Christmas is pretty ridiculous, when you think about it. The season brings out all kinds of things in people; lots of spending and eating and decorating and card-writing and many acts of generosity and kindness. All because it’s December? Or because it taps into our childhood memories and imaginations?
The grown men who are working on our house put a huge Father Christmas in the window even though the freezing conditions must have made work a bit less comfortable that day.
In Bath, I’d guess that close to 2,500 University students attended Christmas carol services this December.
Neighbours that we don’t know have invited us into their home for drinks.
As an experiment, I left a piece of sequined cloth on a table in the chaplaincy centre during Advent with a little note suggesting that people could use their fingers to draw or write a prayer on it. (If you haven’t come across this material on a cushion before, it is made up of tiny two-sided discs that can be pushed in different directions to create a simple image.)
I wasn’t sure that anyone would use it and had concluded that, although festively sparkling, it was probably too childish and illogical to appeal to people in a University setting. That was until I popped in when the Vegetarian Society were using the building and saw them beautifully and painstakingly creating a map of the world on the material. A prayer for peace.
Just a few days before, I joined some students who are part of a group called Just Love. They were sharing about some things that they had been involved in this term. Quite a few of them had been to training to become ‘dementia friendly’. In fact it was so good, that some of their friends wanted to take part so they ran the training again. They’d also spent a week ‘living below the poverty line’ spending a total of £5 for their food for the week and raising a substantial amount of money for those in need.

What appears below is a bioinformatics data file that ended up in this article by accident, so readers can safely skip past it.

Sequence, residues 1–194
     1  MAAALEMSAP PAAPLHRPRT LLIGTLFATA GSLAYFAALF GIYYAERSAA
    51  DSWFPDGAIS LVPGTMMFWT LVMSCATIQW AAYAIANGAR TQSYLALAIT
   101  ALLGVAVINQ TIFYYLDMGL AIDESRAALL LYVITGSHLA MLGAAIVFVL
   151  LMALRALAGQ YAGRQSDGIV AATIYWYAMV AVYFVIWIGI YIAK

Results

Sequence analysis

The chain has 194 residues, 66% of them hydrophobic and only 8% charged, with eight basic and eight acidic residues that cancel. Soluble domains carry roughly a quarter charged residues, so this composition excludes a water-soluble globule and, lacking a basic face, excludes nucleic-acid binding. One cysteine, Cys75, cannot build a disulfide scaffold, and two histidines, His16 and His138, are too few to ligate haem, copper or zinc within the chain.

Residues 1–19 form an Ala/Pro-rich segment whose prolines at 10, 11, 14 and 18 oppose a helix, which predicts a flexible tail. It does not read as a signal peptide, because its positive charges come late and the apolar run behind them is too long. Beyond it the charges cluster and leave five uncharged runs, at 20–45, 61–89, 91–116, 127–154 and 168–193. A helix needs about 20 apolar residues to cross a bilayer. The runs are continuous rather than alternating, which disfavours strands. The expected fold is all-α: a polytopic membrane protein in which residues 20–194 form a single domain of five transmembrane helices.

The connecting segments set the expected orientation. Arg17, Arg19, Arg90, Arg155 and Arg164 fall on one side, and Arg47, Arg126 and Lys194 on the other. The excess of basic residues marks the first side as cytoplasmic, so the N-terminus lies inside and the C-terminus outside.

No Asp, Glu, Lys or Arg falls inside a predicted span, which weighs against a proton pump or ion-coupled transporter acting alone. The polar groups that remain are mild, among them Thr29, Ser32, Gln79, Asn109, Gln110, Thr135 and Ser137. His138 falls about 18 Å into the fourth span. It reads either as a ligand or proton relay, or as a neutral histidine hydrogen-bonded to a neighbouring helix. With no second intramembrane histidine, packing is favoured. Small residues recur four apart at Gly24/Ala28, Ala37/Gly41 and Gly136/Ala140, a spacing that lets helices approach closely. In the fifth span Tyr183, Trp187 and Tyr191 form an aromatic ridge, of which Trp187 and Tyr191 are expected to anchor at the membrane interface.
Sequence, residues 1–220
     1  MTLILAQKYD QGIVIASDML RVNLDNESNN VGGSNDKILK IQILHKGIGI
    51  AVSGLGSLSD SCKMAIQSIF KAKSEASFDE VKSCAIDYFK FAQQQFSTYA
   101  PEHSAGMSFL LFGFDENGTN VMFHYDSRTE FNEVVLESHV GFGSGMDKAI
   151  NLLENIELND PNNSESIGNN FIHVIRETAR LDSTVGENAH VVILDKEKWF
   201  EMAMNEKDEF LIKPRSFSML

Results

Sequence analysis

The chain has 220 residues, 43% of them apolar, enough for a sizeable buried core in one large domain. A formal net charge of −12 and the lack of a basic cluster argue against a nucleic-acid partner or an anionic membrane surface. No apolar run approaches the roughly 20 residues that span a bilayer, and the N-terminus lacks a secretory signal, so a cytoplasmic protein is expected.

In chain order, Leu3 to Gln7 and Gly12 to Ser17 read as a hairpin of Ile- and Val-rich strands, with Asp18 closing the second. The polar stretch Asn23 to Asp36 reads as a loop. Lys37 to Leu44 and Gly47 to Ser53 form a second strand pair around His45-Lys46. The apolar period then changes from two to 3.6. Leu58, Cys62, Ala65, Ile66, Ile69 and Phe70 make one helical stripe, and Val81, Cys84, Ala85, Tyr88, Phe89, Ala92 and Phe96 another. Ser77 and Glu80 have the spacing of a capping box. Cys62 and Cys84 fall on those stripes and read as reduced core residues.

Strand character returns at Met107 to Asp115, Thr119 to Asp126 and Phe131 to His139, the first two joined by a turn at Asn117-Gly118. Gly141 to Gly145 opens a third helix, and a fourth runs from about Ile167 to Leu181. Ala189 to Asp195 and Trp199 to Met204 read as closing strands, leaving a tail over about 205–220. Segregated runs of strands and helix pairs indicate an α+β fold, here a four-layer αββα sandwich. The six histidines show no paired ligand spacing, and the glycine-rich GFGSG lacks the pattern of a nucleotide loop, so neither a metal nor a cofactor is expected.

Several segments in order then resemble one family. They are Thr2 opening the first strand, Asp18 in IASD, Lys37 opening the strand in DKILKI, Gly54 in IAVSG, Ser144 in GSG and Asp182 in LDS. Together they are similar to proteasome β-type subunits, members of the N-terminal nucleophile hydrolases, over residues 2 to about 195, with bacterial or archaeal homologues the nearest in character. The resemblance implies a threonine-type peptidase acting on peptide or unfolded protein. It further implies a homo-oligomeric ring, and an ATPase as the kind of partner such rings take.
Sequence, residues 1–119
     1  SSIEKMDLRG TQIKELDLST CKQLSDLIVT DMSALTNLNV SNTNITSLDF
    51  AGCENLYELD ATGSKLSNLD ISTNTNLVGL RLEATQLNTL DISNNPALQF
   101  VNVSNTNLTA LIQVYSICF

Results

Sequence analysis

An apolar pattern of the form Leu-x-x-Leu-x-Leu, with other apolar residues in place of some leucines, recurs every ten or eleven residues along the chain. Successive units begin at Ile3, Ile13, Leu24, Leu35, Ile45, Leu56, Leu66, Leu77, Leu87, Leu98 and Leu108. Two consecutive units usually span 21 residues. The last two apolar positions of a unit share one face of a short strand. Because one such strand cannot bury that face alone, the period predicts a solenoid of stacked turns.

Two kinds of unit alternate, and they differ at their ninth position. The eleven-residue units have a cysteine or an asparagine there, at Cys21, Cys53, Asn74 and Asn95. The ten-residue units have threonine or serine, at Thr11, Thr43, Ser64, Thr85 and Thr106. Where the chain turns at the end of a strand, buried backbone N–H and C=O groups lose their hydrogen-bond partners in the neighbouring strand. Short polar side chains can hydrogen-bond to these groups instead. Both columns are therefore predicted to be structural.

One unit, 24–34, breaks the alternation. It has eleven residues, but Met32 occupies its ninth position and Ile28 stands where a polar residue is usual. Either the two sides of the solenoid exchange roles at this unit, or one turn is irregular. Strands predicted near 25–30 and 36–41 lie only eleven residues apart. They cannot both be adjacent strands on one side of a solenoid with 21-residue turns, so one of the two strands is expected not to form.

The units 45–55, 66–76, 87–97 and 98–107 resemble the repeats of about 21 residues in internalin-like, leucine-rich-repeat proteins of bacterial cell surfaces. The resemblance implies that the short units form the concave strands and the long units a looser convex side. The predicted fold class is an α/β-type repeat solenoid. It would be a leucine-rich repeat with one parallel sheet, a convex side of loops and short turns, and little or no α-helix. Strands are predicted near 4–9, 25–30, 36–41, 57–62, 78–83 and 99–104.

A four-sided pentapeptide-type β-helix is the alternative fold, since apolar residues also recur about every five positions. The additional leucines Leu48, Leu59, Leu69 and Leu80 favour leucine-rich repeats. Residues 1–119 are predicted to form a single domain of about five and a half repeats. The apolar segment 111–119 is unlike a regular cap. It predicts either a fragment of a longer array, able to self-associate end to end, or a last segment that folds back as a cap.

Ridiculous, isn’t it? Young adults taking time out of their studies to learn how to best relate to those with dementia? People choosing to live a life of poverty for a week?
I watched a fascinating performance last week (available on the iPlayer for those of you who have access to the BBC) of children doing a nativity play. The only difference was that this play took place in actual Bethlehem near the Israeli West Bank barrier underneath sniper watchtowers. Called ‘Alternativity’, it was the location that made the story especially poignant and the addition of artificial snow that showed what silly sentimentality we sometimes add to the simple story.
But the story itself is ridiculous and no amount of sugary carols or nostalgic cards can really disguise the ludicrous love of God for humanity, shown in a baby born in a barn. So I wish you a Christmas of ridiculous love and hope that the new year will bring us even more opportunity to explore what that means.